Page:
People are being wronged (maybe they know they are [obvious injustice] or maybe they don’t know that they are [moral damage]) and some Christians, who are politically motivated, want to impose a solution on society (whether it is prohibitive law or ‘positive’ action by the state).

We must surely note that even the more ‘positive’ of these two categories does include the taking or diminishing of resources from some people (perhaps taxation) and applying those resources to people as the radicalised group sees fit. A bit of spin and the opportunity to tell people how wonderful this piece of justice is (justice that we as Christians are called to practice in our lives) can promote the action in a positive light, but we also must remember that it is reliant on the backbone of the law, reliant on the ability to control people with the ultimate resort to violence.

Now, if you don’t believe my last point then note this example: A man chooses not to pay his taxes. By law the people (the state) dictate that people pay their taxes. Does this man get to keep his freedom? No, he is put in prison. What stops him continuing to exercise his freedom? The fact that if he were to try to do so people would stop him. Ultimately society is able to restrain, and if necessary be violent against that person in order to force that person to either cooperate or to accept punishment.

So, in my mind, both these categories of radicalised action fall into the trap of trying to control others, rather than trying to be an example to others and trying to love others (without at the same time trying to control others). I don’t yet know what Bartley’s tack on this is, but I look forward to reading on!!!

Denominational Differences

Today I was having my irregular chat with a Jehovah’s Witness (who visits me) and we got onto the topic (unsurprisingly perhaps) of denominational differences and how Churches can oppose each other in some respects (in fact, I note today that Jonathan Bartley observes that Christians even sometimes kill other Christians!).

Naturally JWs come out of this as shining examples of unity – so I was pondering as to why this was and whether the reasons mattered.

Now, JWs claim to be the one true church and so claim complete unity across the one true church. What are the reasons for this unity (the following are my speculation, not to be taken as perfect science!):

  1. The Boundary – the JW church has a boundary, you are either in or out.
  2. The Institution – the JW church is a strictly controlled institution which cannot be duplicated. It wouldn’t be possible to start another JW church that is separate to the original.
  3. The Sect – because it is a sect that is on the edge of the Judaism family tree, if another sect were to form from it, they would recast themselves significantly.
  4. Modes of Dis-integration – if JWs leave they do not leave to form close derivative churches, they either leave the (broad) concept of Christian belief entirely or just go into an existing church.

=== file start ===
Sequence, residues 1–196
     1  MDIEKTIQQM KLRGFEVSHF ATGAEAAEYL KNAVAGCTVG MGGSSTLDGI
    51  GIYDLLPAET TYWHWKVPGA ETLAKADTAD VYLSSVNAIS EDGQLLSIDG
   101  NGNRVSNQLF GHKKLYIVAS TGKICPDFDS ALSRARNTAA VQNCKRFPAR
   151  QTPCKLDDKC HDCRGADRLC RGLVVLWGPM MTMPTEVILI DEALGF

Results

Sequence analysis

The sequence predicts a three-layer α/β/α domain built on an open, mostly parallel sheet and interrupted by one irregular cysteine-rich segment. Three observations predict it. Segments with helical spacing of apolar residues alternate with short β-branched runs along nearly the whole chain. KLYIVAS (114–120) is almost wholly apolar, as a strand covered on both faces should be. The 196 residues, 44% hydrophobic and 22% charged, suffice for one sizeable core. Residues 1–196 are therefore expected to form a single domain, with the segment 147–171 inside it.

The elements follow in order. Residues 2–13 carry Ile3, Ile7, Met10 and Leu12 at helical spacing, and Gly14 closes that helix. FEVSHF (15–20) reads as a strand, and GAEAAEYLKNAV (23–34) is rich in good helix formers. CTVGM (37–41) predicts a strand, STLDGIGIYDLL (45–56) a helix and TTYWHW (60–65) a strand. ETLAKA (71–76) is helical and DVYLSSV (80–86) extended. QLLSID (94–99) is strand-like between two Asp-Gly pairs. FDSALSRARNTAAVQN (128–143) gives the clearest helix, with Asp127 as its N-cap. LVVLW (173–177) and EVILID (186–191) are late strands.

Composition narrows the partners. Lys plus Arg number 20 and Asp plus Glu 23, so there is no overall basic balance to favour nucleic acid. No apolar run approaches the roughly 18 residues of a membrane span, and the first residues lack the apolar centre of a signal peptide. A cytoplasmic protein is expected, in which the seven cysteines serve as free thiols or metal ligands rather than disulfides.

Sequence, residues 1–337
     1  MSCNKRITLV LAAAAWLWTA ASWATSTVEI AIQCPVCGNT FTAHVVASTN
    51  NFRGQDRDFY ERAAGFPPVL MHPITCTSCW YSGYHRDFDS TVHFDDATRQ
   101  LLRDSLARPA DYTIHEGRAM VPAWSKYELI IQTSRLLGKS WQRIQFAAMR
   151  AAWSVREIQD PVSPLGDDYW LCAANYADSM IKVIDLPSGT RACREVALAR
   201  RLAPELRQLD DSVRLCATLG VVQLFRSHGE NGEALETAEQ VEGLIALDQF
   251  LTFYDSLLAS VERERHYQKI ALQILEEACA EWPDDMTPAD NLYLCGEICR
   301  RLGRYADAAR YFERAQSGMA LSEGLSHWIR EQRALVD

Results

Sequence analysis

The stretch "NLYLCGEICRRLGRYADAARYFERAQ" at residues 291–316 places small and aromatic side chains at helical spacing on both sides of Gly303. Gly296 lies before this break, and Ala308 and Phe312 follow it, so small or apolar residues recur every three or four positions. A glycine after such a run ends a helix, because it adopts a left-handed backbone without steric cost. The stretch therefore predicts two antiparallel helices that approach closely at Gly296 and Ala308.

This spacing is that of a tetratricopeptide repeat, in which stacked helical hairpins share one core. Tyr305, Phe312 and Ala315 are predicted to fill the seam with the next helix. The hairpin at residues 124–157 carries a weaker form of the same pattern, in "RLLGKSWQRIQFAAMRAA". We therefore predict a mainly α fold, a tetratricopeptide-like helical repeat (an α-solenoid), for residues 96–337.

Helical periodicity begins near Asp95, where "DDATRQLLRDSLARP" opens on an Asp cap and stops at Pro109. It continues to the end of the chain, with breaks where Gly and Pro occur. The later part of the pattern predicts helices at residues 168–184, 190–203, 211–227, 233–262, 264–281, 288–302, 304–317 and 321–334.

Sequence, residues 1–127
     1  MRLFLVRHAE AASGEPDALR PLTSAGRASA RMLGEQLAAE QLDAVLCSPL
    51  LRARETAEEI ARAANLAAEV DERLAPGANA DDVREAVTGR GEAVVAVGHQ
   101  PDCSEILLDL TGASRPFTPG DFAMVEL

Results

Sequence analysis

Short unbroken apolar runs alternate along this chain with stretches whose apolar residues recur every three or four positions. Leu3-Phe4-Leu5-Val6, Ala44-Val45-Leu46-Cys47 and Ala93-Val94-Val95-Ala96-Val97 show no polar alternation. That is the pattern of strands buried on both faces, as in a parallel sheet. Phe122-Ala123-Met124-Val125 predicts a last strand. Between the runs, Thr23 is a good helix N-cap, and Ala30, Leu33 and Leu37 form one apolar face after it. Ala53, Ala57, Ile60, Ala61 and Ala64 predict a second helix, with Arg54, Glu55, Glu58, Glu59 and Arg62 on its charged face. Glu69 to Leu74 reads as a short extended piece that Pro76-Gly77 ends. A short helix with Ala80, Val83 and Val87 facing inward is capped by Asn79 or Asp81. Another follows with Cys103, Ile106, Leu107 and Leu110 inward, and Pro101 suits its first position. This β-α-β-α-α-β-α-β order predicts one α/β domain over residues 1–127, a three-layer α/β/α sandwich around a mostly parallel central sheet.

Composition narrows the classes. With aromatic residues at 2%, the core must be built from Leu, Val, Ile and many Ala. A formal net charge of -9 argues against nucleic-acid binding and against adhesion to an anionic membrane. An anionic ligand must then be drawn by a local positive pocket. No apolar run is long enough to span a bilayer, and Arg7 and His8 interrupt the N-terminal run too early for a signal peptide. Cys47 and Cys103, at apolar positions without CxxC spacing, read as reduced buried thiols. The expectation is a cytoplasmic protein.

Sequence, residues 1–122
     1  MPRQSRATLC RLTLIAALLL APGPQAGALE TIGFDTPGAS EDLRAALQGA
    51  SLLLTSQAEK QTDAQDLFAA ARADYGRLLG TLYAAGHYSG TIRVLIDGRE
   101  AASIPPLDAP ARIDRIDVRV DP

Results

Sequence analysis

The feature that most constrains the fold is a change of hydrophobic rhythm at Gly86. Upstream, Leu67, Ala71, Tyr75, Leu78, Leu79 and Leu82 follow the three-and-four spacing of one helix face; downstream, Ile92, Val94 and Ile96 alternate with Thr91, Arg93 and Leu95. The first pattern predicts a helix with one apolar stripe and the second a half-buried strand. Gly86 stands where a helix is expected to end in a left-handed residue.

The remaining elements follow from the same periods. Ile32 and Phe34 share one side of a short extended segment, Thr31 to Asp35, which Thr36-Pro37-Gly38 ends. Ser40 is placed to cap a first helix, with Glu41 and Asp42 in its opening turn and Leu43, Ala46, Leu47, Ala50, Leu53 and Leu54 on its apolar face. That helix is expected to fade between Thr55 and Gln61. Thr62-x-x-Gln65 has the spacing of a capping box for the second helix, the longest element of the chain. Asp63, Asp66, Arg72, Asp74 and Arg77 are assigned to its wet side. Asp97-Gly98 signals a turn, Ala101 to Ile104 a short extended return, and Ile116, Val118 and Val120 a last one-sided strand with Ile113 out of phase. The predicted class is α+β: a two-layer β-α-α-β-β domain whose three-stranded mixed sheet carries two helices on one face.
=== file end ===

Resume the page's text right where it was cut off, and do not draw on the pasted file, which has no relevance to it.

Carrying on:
5. The Theology – essential to JWs is the expectancy that one should accept the whole JW Theology. There is little room for disagreement.

These are the major points of difference with the rest of the Christian Church, although many churches will have varying degrees of the above properties.

Examining the above points, what is the problem with the wider church?

It is my impression that differences appear between Christians because they meet in an institutionalised manner rather than in the manner of close friends – i.e. we Christians think it is important to tackle differences of opinion with people we barely know, simply because they are in the same institution and, because we barely know them, it is easy to fall out with them.

Another point is that we often make out that our opinion is our faith. Both myself and Reg (the JW) agreed that there is only one truth, so, for there to be clashes in people’s belief of what that one truth is, must mean that one or both of those people are believing something which isn’t true – i.e. the casting of an opinion as a matter of faith. A bit more humility about what we believe would be helpful, but haven’t we all been taught that we mustn’t doubt our faith? Well if we doubt our opinion, we aren’t doubting our faith! So I wouldn’t worry too much about that!

The wider Christian Church places less emphasis on scripture than the JWs and more emphasis on the personal revelation of the Holy Spirit (often of Scripture). JWs place an emphasis on specific interpretations of scripture and no emphasis on personal revelation. In some ways the JW approach is safer – it certainly appeals to the rules based security that our culture likes so much. On the other side of the fence you could say that the wider church is much more anarchic and dangerous!

My Dad told me the other day that ‘Uncle’ Sid Purse (who founded the the church that I grew up in at South Chard) said:

“The Church is an organism, not an organisation”

which I thought an excellent comment which works in many ways including the understanding of the church as being the body of Christ.

Anyway, I feel that the opportunity to chat with Reg (JW) is a great way to gain a deeper understanding of church – so I would be most appreciative of your comments, but I don’t want this to become a ‘why the JWs are wrong’ thread! That really isn’t the point of this post. Thanks.

Vote for Pedro

Just watched Napoleon Dynamite. What a great film. I know sometimes I catch on late and it is already a bit of a cult classic, but worth finding and watching if you haven’t seen it. Loads of resources for the youth worker as well. Would make my top ten films of all time.

The Power of Exclusion

Another thing that Bartley mentions (in passing) near the beginning of the book (mentioned here) is the way the church could exclude people, and through exclusion exercise power and control.

This is a very limited form of control, by exclusion one is not actively controlling the life of the excluded, one is simply controlling one’s own life (or a group are simply controlling their own lives) and choosing not to spend much/any time with that particular person.

However, to exclude someone, a tough judgement has to take place: Is this person so bad/far gone that it isn’t wise to spend time with them? That isn’t a nice and easy question to answer, it has hard repercussions. It is also a fairly public judgement that can have a negative effect on oneself (alongside the positive effect of not being adversely influenced by that person).

It’s a tough thing to do, but I do feel that it is a choice that we must continually make. Yes, it is part of the concept of exclusive church (hopefully alongside inclusive mission) and also we can’t expect exclusion to be perfectly exercised – there will always be the ‘weeds’ amongst the ‘wheat’.

I expect that Bartley will cover this more in the rest of the book – so maybe there will be more comment to come on this.